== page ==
Rafe Esquith, the most imaginative and productive classroom teacher I know, freely admits he overdoes it.
He works long hours, including Saturdays.
He leads his fifth-graders in mounting several performances of a Shakespeare play each year. He helps former students prepare for college.
This summer, he has given speeches in China, taken former students to the Oregon Shakespeare Festival, driven their luggage 700 miles, shown students several John Steinbeck haunts, done an 11-day tour for his new book and taken students on a Mississippi steamboat ride.
As hyper as he is, after 29 years of teaching mostly low-income Hispanic and Korean kids in a small, rundown classroom in Los Angeles, he knows what drains teacher energy and ambition.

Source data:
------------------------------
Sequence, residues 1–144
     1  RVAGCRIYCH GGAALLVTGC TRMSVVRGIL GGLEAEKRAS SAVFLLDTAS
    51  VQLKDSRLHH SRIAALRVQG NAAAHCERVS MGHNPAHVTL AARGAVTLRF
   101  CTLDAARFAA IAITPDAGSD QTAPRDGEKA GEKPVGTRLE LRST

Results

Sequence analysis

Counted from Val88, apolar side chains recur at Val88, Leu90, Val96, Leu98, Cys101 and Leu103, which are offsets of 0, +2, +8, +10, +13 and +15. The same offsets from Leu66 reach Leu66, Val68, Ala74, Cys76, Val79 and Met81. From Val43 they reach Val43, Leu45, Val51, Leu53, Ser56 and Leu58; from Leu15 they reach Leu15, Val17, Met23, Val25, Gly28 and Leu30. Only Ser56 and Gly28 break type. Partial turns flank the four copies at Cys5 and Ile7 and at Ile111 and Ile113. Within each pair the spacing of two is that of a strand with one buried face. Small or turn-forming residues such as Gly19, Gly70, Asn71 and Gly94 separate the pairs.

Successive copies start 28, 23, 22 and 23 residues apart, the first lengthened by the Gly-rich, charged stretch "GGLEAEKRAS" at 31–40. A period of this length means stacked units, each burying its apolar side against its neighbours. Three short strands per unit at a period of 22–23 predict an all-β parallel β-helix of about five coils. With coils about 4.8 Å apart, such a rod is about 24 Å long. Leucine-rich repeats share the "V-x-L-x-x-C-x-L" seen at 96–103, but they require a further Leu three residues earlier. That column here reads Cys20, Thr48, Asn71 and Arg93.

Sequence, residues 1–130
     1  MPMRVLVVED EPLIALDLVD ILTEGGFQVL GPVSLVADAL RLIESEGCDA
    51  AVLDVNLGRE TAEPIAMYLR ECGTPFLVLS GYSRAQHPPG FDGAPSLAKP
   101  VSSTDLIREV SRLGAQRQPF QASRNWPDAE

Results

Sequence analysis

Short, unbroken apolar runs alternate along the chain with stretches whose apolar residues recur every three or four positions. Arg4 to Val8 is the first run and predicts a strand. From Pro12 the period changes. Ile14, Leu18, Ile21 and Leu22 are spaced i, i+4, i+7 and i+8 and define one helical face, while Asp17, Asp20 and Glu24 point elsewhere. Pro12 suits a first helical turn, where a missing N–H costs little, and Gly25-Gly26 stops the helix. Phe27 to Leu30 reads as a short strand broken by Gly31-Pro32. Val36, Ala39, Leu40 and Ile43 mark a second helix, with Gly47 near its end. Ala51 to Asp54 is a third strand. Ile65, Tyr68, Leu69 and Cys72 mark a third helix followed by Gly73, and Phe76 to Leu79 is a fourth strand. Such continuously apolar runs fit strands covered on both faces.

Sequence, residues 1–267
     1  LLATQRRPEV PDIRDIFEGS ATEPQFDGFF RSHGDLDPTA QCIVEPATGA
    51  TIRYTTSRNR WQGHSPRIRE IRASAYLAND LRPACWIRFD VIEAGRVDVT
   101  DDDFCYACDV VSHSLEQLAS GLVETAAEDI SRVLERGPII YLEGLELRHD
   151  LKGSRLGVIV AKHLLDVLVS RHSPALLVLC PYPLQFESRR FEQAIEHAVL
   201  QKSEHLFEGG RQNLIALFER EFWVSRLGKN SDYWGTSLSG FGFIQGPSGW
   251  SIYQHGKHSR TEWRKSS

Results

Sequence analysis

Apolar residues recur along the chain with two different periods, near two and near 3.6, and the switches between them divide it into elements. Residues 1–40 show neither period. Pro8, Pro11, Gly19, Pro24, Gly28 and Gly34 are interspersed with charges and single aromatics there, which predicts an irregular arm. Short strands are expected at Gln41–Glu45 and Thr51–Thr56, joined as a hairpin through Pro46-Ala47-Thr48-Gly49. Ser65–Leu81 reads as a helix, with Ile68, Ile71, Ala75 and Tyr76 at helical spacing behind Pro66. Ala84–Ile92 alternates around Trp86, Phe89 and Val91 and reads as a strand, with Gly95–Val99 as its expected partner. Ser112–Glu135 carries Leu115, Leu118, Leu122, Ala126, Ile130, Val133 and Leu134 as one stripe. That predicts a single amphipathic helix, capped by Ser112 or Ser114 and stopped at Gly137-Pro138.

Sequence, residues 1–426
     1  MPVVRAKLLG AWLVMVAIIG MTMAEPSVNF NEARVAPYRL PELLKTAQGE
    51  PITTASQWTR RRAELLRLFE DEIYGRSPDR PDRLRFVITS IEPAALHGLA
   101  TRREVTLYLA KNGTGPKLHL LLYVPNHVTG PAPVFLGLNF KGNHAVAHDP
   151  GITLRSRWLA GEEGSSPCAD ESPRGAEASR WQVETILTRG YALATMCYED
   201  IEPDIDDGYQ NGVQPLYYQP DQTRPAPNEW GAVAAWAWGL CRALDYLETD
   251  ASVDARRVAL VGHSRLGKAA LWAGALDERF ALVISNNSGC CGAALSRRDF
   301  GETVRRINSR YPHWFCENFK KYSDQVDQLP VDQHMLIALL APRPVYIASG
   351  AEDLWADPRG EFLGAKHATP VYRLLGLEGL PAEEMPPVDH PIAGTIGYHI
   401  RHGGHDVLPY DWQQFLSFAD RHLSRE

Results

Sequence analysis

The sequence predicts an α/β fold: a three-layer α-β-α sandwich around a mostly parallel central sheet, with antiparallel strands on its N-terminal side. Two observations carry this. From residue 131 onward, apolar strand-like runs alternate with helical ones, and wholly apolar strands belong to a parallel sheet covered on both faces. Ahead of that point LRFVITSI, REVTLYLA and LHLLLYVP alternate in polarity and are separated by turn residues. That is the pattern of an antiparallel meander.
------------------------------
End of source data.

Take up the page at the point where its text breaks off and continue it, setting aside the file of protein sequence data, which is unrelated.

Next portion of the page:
In his new book, "Real Talk for Real Teachers," he describes this in ways I think nearly every teacher in the country would endorse:
The system, "rather than encourage and support you . . . actively works to discourage you," he writes.
"Every few years a new 'game changer' is announced as the newest set of standards are introduced, but the system never really changes.
Veteran teachers know that these standards are no different from the old ones.
"Taking a page from the politburo, leaders stand in the front of the room at professional development meetings making demands and predictions for their 'New World Order.' Good teachers don't know whether to laugh, cry or quit.
"The most recent sermon on the mount has come to us in the form of Common Core Standards.
"I am not making this up: The presenter at our first training explained that our job as teachers was 'to prepare the children to be a part of the international workforce.' We were also told that the emphasis on imaginative literature was going to be scaled back because children need more nonfiction."
Let's give the Cluelessness of the Year award to the presenter who said that to Esquith.